The only time we know the content of Jesus’ private, nighttime prayer is in the Garden of Gethsemane on the night he was betrayed. On that night, he strained and writhed under the weight of what he was called to do as the Son of God. He pleaded for the cup to pass from him, even as he accepts God’s will for his life. This glimpse of Jesus’ prayer life may not be identical to all those other nights he prayed for hours in the dark, but we can be sure it was intense. Jesus’ sense of mission empowered him to do the work God had called him to do. When he is exhausted, he goes off and prays in the night, and he comes back renewed.

Perhaps we do not so much need rest as a renewed sense of our mission and calling by God. Perhaps more people would experience wholeness and healing if we spent more time in the dark with God. It was how Jesus found strength, and many Christian saints through the ages found time alone with God to be renewing and refreshing.

Jesus is reaching out his hand to us today, calling us to a life filled with service and community. Jesus is praying for us so we might have the strength to go into the dark with God and wrestle with our calling and mission. Jesus is with us, going before us, into the world God loves so much.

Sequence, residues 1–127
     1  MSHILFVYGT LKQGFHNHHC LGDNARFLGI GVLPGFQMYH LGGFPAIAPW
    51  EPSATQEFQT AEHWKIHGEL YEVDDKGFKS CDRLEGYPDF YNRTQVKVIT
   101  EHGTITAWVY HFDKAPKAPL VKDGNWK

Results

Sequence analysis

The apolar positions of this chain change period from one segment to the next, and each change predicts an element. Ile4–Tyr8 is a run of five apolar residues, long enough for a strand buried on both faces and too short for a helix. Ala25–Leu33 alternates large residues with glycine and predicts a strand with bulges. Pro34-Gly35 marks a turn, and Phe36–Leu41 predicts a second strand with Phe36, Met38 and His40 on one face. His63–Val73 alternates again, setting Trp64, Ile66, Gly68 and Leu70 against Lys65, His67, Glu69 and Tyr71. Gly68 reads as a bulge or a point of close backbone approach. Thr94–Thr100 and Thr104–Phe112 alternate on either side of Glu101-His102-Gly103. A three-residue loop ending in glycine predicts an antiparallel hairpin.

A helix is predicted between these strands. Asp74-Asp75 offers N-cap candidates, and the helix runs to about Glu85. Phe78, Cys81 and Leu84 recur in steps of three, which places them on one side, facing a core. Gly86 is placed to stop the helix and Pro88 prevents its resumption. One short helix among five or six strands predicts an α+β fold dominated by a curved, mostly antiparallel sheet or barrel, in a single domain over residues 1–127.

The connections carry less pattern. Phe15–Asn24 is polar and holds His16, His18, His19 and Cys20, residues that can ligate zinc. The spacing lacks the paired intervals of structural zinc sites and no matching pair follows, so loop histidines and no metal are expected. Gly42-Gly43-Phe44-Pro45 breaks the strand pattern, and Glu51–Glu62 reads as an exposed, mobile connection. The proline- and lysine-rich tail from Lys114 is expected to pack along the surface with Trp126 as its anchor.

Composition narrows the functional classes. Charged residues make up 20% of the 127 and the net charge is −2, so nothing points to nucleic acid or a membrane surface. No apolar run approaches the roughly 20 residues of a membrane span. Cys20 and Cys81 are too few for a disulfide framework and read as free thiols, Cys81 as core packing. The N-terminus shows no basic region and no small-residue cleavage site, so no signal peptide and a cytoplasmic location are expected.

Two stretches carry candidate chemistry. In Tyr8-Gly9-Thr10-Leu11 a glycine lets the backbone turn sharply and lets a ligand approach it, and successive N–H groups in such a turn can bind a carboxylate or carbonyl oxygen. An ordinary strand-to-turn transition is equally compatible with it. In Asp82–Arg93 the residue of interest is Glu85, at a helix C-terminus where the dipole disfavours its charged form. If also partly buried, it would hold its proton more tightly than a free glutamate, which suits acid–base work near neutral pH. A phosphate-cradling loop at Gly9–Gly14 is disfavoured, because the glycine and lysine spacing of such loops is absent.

David W. Peters is the author of two books, Death Letter (Tactical 16 Press) and Post-Traumatic God (Morehouse, 2016). He is the founder of the Episcopal Veterans Fellowship and serves as the Associate Rector at St. Mark’s Episcopal Church in Austin, Tex.

Download the sermon for Epiphany 5(B).

What’s the Question?, Epiphany 4 (B) – January 28, 2018

Epiphany Sermon Episcopal

[RCL] Deuteronomy 18:15-20; Psalm 111; 1 Corinthians 8:1-13; Mark 1:21-28

“If this is the answer, then what is the question?” Have you ever wondered that about something?

Jesus often asks questions without providing answers: “Who is my mother, and who are my brothers?” “Who do you say I am?” “Who of you by worrying can add a single hour to his life?”

Anytime we read Paul’s letters, though, it’s the reverse. We have answers, but not questions. We need to ask, “If this is the answer, then what is the question?” for we only have Paul’s response to a letter or a circumstance. We do not have any of the original context which prompts his response.

It’s sort of like playing the TV game Jeopardy. The answer is given; what is the question? And this is the pattern we encounter this morning in our reading from 1 Corinthians.